Mealybugs are harmful pests that can cause extensive damage to your plants if they are allowed to run unchecked. These bugs also leave a white residue on the plants, and can mostly be found on the underside of the leaves.

However, the cacti does not have conventional leaves, so you might see the plant turning white from all around.

A mealybug infestation isn’t hard to deal with; conventional pesticides and high-quality insecticides are able to deal with the problem. But, the problem is to figure out the infestation.

Most people tend to mistake these white patches for mold growth, and don’t realize that the plant might have fallen prey to an infestation.

These white spots have a wispy texture that is very similar to cotton. In certain rare situations, these blemishes might appear due to a fungal infection, but that is usually not the case. You need to use a conventional gardening tool to scrape the white substance off the plant.

Mostly, you will find mealybugs around or underneath this substance. When squished, these mealybugs produce a red juice. Be careful that you do not put too much pressure on the plant itself.

Thankfully, getting rid of this problem won’t be an issue. You just need to use a bit of rubbing alcohol to get rid of the mealybugs from your plant. You can even use homemade insecticides to get rid of the mealybug infestation from your cacti as well.

3 – Freeze Damage

A Catus Turning White From Exposure To Freezing Temperatures

You should know that the plant also turns white when it succumbs to freeze damage. If you left your cactus outside during the frost, it could cause the plant to turn white.

Depending on the amount of time for which the plant was left out in the cold and the fall in the temperature, the chances of survival are likely to vary.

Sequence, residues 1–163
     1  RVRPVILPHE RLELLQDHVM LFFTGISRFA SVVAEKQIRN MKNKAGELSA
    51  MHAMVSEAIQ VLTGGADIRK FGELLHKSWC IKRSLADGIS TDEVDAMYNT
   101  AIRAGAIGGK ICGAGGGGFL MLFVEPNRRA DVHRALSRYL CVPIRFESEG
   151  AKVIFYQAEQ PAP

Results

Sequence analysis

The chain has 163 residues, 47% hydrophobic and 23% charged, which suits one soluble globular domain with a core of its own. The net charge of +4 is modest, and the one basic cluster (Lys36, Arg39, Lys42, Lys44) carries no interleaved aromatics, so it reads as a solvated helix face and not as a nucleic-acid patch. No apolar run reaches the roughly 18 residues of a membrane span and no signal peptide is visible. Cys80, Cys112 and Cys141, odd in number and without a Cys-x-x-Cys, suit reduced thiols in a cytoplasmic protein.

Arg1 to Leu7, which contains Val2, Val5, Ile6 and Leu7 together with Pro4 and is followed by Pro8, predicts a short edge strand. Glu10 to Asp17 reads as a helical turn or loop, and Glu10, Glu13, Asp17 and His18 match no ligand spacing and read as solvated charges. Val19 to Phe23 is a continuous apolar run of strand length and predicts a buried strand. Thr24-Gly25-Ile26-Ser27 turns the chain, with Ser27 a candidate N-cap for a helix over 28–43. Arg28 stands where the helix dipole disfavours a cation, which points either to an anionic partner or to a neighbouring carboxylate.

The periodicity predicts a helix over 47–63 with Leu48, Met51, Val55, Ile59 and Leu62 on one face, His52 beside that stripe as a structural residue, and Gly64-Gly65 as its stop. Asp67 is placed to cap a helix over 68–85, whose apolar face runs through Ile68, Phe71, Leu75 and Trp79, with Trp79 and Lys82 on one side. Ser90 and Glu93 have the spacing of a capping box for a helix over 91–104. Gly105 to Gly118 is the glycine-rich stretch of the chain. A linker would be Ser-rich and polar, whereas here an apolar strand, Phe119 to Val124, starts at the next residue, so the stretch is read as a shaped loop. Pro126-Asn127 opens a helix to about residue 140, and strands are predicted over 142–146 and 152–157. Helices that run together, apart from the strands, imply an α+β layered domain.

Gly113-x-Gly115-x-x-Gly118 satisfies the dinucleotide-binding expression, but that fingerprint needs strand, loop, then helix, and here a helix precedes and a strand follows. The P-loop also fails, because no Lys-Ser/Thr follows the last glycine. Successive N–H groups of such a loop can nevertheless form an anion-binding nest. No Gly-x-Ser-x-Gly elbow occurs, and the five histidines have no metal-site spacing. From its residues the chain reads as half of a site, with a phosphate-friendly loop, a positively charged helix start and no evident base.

It’s important that you bring your cactus inside during the winter season so that the plant does not fall prey to frost. If you want, you can also cover the plant with a few frost blankets as well.

It’s a great way to care for the plant and prevent it from sustaining excess damage.

4 – Other Kinds of Damage

If someone presses against the cactus or if there is a hailstorm, there is a pretty big chance that the plant is likely to sustain hefty amounts of damage.

The parts that are injured are going to turn white, so you have to make sure that you remove the damaged tissue and let the plant heal itself.

These are just a few things that you should know about caring for the cactus and making sure that the plant does not succumb to serious injuries or problems.

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Thursday 13th of May 2021

Hi, Lisa - I hope this webpage works out for you! Thank you for sharing - I am pretty certain that I sunburned my Christmas cactus, and I think your article confirms that! Maybe it can be salvaged - I hope. It came from cuttings off my grandmother's plant which she got almost 100 years ago, and mine was one of the last in the family. I probably should have started some new cuttings last year.


Wednesday 19th of May 2021

Thank you Edward!

Wow, that is definitely one worth trying to save! What a great history. I would try moving it to a shady area where it only gets indirect light. Hopefully with some shade and care it will be able to recover. Good luck!